European bailout fund approves release of funds for Greece
European bailout fund approves release of funds for Greece
Aug. 19, 2015
BERLIN (AP) — European bailout fund supervisors on Wednesday approved the release of billions of euros to help rebuild Greece's devastated economy just as a new debt payment looms.
The move — a virtual formality — came after Germany's parliament approved the bailout package, along with the assemblies of other creditor nations, removing a big hurdle to release the new loans.
The European Stability Mechanism board said it "will provide up to 86 billion euros ($95 billion) in financial assistance to Greece over three years." A first tranche of 26 billion euros ($29 billion) can now be made available to meet Greece's debts and help recapitalize its banks.
Greece is due to make a new debt payment to the European Central Bank on Thursday.
Greece's finance ministry said it would get the first 13-billion-euro payment Thursday morning. It said 12 billion euros would go into a special account for paying off the country's debt, while the remaining funds would be used for things like settling arrears to public sector suppliers.
The total amount of funds will depend in part on Greece's success in implementing new reforms to streamline its economy, which are certain to mean more hardship for long-suffering Greek citizens. Money from privatization efforts could also reduce the amount of loans needed. Despite International Monetary Fund calls for debt relief for Greece, many nations remain opposed and no such move will be examined by those nations sharing the common euro currency before October.
The chairman of the euro currency group, Jeroen Dijsselbloem, warned that Greece has a long and difficult road ahead.
"We will monitor the process closely," said Dijsselbloem after chairing the ESM board meeting. "It's not going to be easy. We are certain to encounter problems in the coming years but I trust we will be able to tackle them."
Beyond lifting a last obstacle, the result of the vote in Germany also dispelled speculation that Chancellor Angela Merkel would have difficulty getting her conservative bloc to sign on to the third bailout for Greece. Lawmakers voted 453-113 in favor, with 18 abstentions.
The Dutch parliament also approved the package earlier Wednesday.
Germany's endorsement was never in doubt but in a similar vote last month, 60 members of Merkel's conservative bloc voted against. Some local media had speculated that as many as double that could rebel this time as Germans are increasingly skeptical about giving Greece more money, but in the end only 63 from her bloc of 311 voted against.
German Finance Minister Wolfgang Schaeuble, a senior member of Merkel's Christian Democratic Party who has been one of the harshest critics of Greece, may have helped the cause.
Schaeuble told lawmakers that while voting in favor of the bailout wasn't an easy decision for him, approval of the three-year loan package is "in the interest of Greece and the interest of Europe." He noted that the Greek government has taken big steps over the past few weeks to restore trust with its creditors.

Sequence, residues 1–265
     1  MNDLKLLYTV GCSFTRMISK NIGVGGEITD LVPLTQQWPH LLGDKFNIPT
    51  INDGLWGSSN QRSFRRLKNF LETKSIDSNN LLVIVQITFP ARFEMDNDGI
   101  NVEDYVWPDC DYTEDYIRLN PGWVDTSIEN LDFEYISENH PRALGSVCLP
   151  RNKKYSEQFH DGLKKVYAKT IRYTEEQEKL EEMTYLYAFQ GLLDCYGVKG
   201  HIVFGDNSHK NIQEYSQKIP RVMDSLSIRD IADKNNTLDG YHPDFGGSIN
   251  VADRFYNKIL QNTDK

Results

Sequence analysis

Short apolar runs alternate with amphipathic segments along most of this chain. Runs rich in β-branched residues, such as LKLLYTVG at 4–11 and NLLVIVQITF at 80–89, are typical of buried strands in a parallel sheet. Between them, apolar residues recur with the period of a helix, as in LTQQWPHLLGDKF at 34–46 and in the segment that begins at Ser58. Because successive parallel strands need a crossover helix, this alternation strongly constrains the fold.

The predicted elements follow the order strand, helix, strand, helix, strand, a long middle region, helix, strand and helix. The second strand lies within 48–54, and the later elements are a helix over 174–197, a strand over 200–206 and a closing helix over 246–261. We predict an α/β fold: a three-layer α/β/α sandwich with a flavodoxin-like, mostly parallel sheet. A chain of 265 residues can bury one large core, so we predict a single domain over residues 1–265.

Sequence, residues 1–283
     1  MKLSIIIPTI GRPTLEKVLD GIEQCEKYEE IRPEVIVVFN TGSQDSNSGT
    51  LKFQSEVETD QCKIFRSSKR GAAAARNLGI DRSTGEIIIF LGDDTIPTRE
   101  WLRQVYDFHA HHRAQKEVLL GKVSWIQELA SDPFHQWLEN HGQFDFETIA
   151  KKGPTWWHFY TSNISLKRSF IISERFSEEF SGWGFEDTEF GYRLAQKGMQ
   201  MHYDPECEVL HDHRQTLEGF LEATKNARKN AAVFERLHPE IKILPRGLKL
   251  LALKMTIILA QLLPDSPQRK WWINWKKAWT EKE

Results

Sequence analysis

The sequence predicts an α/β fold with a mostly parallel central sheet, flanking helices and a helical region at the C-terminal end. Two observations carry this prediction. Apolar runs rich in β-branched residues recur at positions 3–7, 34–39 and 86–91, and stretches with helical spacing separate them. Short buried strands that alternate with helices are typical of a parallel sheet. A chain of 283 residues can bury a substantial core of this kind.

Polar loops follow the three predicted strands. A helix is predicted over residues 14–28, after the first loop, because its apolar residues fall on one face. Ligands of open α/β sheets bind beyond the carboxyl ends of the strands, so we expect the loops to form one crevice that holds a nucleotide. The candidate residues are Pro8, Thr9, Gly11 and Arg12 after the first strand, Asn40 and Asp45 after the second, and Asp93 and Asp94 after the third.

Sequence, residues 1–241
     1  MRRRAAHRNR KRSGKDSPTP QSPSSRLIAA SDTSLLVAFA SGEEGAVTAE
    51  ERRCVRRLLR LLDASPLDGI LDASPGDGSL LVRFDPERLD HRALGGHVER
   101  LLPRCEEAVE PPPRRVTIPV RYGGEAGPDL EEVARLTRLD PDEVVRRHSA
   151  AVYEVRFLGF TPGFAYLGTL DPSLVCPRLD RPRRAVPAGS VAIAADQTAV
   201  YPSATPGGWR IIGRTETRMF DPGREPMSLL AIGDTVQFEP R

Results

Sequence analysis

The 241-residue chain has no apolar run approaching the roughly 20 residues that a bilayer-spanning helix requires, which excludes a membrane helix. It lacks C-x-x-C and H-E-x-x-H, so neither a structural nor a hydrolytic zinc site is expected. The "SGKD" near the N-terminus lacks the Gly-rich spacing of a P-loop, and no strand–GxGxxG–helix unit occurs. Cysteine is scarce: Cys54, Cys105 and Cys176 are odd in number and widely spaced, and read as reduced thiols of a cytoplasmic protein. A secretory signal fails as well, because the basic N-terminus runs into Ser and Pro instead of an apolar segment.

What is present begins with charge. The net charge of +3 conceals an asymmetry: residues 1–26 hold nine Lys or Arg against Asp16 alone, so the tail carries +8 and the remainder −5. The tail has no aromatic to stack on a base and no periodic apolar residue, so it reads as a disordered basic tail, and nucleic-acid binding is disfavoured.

Germany is the largest single contributor to the bailouts and many in Schaeuble's party remain skeptical. Merkel's coalition partner, the Social Democrats, and the opposition Greens also backed the deal.
In the Netherlands, a majority of lawmakers also backed the new Greek rescue after a heated debate in which Prime Minister Mark Rutte was attacked for reneging on an election pledge to not approve another bailout for Greece.
Geert Wilders, the anti-Islam lawmaker who is also a staunch opponent of the European Union and financial support for Greece, called Rutte "the Pinocchio of the Low Countries" for breaking his pledge.
Rutte's coalition government easily survived a no-confidence vote Wednesday.
The Dutch parliament did not have to formally give its approval, but Rutte said it would have been politically difficult for him to sign off on the European loans to Athens if a majority of lawmakers had rejected the plan.
Under the terms of the deal, Greece has to make further spending cuts, hike taxes and implement major reforms. It must also pass a review in October to win access to the rest of the funds.
Schaeuble laid out his hope that the bailout will help turn the Greek economy around in the longer term. Greece has suffered through an economic depression in the past six years and seen unemployment jump to over 25 percent.
"If Greece stands by its obligations and the program is completely and resolutely implemented, then the Greek economy can grow again," Schaeuble said. "The opportunity is there. Whether it will be used, only the Greeks can decide."
Tsipras is mulling whether to call a vote of confidence in his government after a big rebellion among his radical left Syriza party over the bailout. There's also growing talk in Greece that Tsipras may opt for an early election as soon as next month.
Tsipras' Syriza won January's election on a promise to bring an end to hated budget austerity measures demanded by creditors, but after months of tortuous discussions, he was forced into a U-turn so Greece could get the rescue money it needed to stay in the 19-country eurozone.
Tsipras wrote Wednesday to European Parliament President Martin Schulz to request that the parliament joins international institutions that monitor the country's reforms. The European Commission, European Central Bank, European bailout fund and the International Monetary Fund currently do that.
"I deem it politically imperative that the sole European institution with direct popular mandate acts as the ultimate guarantor of democratic accountability and compatibility of economic policy in Europe with European political and social (standards)," his letter said.
Lorne Cook in Brussels, Mike Corder in The Hague, Netherlands and Nicholas Paphitis in Athens contributed to this report.